Together with the "Jungle of Sandomierz" (Puszcza Sandomierska) this vicinity too was the property of kings, princes and counts of the Piastic dynasty. Poland at that time presented itself as a splintered territorial entity which remained in the inheritance according to the will of Boleslaw of the Crooked Mouth (1102-1139). Within the framework of military colonization the Piast rulers as early as the latter half of the thirteenth century brought settlers from the Slavic tribes on the opposite shore of the Vistula River in order to strengthen the safety of their own interests against invasions from without, and gave them to the settlers as "common property" the defense settlements near 'Kolbuszowa': Przewrotna, Raniszew and Wojkow. Thus the king tried to concentrate most of the supreme authority within the country. After a long period of dissension, the Kingdom of Poland was finally united in the fifteenth century. In the battle over the Piastic dominance, there came to Sandomierz in 1312 Count Wladislaw Loketek the Short-Legged (1260-1333) and put down the townspeople rebellion. It is said that on his way back he stopped off in Kolbuszowa and to commemorate his visit, built a church there.
Whether Loketek found Jews living in Kolbuszowa is hard to say. It is not impossible, in fact it is reasonable, to suppose that itinerant Jews and merchants pitched their tents there for a transient or even permanent stay. We should keep in mind the fact that this settlement was on the high road of the commerce of that time. The fact is known that in the southeast portion of Poland near Cracow and Sandomierz there existed already then Jewish settlements, established along the important commerce-route which stretched from Hungary across Poland. In the privilege granted by the king to the city of Nowy Sacz, all the merchants regardless of whether they were Christians or Jews, were freed from paying taxes when traveling from Cracow or Hungary to the fair in Nowy Sacz.
In the privilege-granting document we read as follows: "In order that our citizens may derive the fullest and most efficient use of their annual fair, we in our generosity hereby free permanently from paying all types of taxes all of the merchants and guests of every status and circumstance, Christians and Jews passing through, or returning from Cracow or from any of their other places."
Although Loketek's visit is shrouded in doubt, there is no doubt whatever that his son, Casimir the Great, showed great interest in this whole region. Proof for this may be seen in a very ancient recently-discovered document from the year 1366 which is related to the "village of Zlotow on the edge of the forest adjacent to Raniszow on the Zlotow River." According to this document the city of Rzeszow and Baranow and the villages of Mrawle and Bodek were founded. The king aspired to have the areas adjoining the borders very densely inhabited. Therefore, cities were then founded such as Nowy-Targ, Ropszyc, Przeworsk and Grodzisk beside Lezansk; in Cracow there lived already at that time 14,000 citizens, in Sandomierz 2,470, in Opatow (Apt) 870. A particular intensity characterized the settlement of those places that had been destroyed and emptied by the Mongolian invasion. Local Jews and immigrant newcomers took an active part in building the new cities, towns and settlements.
It should be noted here that the document given by Casimir the Great dates to the same era and was granted in 1367. In it he undertook "to renew and confirm the recorded privileges of the Jews in Cracow, Sandomierz, Liopol (Lwow-Lemberg) and all of Rus and the regions of Lublin and Sandomierz". It is quite possible, as we have already pointed out, that there were at that time already Jews living in Kolbuszowa, which was an organic part of the Sandomierz region, for the privilege-document shows that Jewish settlements existed then in the entire area.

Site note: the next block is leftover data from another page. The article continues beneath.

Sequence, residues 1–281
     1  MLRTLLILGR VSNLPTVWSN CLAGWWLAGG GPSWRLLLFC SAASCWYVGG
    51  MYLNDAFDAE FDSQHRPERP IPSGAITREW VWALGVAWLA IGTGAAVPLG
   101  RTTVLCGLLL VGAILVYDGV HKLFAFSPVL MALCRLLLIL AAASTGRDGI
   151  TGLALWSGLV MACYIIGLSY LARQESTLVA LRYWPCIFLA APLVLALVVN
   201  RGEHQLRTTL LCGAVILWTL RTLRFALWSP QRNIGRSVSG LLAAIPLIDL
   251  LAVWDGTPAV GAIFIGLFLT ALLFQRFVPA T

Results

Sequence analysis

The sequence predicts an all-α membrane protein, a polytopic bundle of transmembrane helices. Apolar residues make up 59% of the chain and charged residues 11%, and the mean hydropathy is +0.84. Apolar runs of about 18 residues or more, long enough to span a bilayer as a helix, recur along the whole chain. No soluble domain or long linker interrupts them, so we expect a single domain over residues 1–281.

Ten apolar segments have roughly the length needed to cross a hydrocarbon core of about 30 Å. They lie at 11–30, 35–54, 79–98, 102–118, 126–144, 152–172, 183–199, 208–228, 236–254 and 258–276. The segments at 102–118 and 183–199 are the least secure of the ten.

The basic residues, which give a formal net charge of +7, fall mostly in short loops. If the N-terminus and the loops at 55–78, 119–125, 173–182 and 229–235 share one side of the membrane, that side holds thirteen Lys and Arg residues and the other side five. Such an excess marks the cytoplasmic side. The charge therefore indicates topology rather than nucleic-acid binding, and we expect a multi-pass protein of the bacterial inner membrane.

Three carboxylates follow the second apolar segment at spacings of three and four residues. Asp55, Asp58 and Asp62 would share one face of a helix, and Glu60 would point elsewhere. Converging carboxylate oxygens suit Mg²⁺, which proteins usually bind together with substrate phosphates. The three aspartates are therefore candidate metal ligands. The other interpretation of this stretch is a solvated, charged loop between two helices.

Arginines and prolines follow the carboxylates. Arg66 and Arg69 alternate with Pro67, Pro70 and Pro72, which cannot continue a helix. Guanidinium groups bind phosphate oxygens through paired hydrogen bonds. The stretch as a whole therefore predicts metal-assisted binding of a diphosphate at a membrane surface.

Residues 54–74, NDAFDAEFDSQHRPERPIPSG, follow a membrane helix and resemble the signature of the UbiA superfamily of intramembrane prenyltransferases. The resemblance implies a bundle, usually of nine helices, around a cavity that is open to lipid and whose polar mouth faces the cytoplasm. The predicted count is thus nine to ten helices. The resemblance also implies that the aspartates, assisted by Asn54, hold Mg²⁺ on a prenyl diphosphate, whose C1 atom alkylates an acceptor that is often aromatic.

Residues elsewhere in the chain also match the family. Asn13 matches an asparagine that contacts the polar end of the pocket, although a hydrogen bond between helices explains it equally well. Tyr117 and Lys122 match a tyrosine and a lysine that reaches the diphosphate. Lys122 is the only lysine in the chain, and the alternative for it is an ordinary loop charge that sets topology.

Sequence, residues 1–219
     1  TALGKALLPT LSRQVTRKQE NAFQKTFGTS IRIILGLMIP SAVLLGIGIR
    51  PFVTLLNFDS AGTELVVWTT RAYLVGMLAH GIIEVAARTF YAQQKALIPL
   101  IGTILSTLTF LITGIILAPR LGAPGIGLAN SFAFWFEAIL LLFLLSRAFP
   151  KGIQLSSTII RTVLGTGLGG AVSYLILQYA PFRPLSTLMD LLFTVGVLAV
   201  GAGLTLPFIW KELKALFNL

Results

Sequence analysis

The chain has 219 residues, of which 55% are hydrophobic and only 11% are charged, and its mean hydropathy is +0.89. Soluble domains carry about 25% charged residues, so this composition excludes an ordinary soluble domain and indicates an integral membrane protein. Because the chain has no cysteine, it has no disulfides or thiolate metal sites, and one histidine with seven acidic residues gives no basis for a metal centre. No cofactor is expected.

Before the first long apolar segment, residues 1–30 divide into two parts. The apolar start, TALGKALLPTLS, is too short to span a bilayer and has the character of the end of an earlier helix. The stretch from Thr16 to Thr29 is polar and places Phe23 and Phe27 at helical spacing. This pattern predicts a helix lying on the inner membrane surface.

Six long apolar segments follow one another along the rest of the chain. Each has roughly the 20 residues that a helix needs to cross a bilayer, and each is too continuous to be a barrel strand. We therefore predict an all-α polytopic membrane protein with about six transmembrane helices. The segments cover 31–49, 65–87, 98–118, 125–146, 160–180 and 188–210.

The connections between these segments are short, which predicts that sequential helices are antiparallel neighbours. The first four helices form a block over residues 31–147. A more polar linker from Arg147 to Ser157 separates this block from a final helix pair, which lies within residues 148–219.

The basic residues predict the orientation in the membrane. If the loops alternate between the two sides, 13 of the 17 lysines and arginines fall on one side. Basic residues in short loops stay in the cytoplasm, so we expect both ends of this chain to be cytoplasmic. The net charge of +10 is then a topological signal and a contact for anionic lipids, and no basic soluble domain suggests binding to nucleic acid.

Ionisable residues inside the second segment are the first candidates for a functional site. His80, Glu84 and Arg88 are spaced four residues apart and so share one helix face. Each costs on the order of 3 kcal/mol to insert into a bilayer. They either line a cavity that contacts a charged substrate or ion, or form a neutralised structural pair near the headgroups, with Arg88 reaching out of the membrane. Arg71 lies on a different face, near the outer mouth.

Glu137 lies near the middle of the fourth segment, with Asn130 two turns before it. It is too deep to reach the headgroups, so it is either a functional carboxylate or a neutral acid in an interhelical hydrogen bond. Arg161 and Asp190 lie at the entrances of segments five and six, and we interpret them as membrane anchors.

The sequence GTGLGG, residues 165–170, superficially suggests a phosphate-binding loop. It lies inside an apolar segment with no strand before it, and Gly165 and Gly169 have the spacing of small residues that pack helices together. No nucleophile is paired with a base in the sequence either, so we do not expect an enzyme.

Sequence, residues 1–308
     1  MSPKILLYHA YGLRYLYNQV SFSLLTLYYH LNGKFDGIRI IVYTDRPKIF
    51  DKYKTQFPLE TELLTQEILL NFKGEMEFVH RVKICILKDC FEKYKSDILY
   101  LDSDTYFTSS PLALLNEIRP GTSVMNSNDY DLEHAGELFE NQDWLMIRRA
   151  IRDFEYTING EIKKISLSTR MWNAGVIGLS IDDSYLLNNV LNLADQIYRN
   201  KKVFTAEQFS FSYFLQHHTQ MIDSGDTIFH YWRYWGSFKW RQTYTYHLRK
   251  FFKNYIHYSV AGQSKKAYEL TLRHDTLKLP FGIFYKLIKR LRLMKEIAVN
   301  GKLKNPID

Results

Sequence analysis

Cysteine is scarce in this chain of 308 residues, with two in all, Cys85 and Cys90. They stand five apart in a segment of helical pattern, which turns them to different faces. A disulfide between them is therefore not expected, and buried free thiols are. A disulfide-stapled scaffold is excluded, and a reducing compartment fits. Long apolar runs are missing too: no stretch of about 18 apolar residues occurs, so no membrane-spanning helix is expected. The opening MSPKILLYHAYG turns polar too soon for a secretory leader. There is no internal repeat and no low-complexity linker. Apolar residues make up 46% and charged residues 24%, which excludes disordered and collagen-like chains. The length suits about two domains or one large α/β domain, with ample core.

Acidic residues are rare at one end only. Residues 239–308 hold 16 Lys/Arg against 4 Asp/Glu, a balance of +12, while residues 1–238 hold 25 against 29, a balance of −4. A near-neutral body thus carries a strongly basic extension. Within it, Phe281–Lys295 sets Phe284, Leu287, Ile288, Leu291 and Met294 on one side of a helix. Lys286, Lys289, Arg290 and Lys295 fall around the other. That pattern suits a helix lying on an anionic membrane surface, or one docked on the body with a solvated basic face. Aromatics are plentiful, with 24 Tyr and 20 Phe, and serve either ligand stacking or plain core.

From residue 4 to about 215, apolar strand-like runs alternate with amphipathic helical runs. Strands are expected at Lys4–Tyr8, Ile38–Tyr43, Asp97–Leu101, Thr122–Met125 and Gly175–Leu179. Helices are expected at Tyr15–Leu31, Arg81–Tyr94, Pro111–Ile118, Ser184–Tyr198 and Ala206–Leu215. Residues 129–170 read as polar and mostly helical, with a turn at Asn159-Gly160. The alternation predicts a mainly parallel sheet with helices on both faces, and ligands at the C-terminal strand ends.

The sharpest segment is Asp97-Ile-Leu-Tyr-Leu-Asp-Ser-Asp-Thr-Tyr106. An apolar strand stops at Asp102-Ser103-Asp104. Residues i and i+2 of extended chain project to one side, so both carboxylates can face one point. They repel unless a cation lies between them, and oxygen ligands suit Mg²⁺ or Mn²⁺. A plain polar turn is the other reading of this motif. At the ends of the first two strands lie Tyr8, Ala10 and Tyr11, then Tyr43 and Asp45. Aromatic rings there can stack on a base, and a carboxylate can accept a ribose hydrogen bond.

The 1459 document distinguishes officially between the land properties of.the king, whose estates were in Raniszow and Wola, and the estates of the Mielecki family who owned Mielec and Cmolas and the above-mentioned Tarnowski family who owned Kolbuszowa. In 1515 the hamlet was elevated to the sitatus of a village joined to Verynia. A 1581 document includes a list of.taxes the population was obliged to pay Count Tarnowski as well as details such as the following: 66 farmers cultivated 24 fields, 20 owned farms, 12 were newcomers, 10 were poor, 12 were craftsmen, etc. It is not illogical to surmise that the term "new" or "craftsmen" conceals a number of Jews who had settled there.
In 1536 Kolbuszowa was still being mentioned together with Verynia, as a single blooming, successful village. The Tarnowski court built the great Lellewyt castle; and even though the Tartar invasion engulfed Rzochow and Rzemien and the whole Sandomierz steppe, the nobles of Kolbuszowa exploited the crisis and the demand for Polish wheat, lumber and wood-products for the benefit of expanding and developing their village. In 1581 it had over 600 inhabitants.
In the latter half of the sixteenth century, when many private cities were built in the region, as Mielec, Rudnik, Sokolow, Glogow, Radomysl, and others, Kolbuszowa had all the opportunities to advance and likewise be declared a city. In theory it was still an agricultural village but in practice, it had already grown into an important urban center thanks to the ceaseless labors of the peasant population and the skillful work of the craftsmen who devoted themselves primarily to working in wood. Helpful in its advancement were also the middlemen, the Jewish merchants who distributed the products near and far, and the court officials and servants who added glory and brilliance to the castle. But the magnate, Tarnowski, master of the castle and the village, already owned the city of Rzechow, and to his heirs already belonged the city of Tarnow, and one branch of the familywas occupied with fortifying the city of Tarnobrzeg, known as Dzikow. Due to complicated family matters Count Tarnowski was forced, with the approval of King Stefan Batory (1575-1588), in 1585 to sell his whole state, including Kolbuszowa and other estates, to the brother of his wife, Heronim Mielecki, governor of Sandomierz. The new owner of the estates became their patron but had no intention of transforming the village into a city since he had already long been the owner of the city of Mielec with its Renaissance-style castle.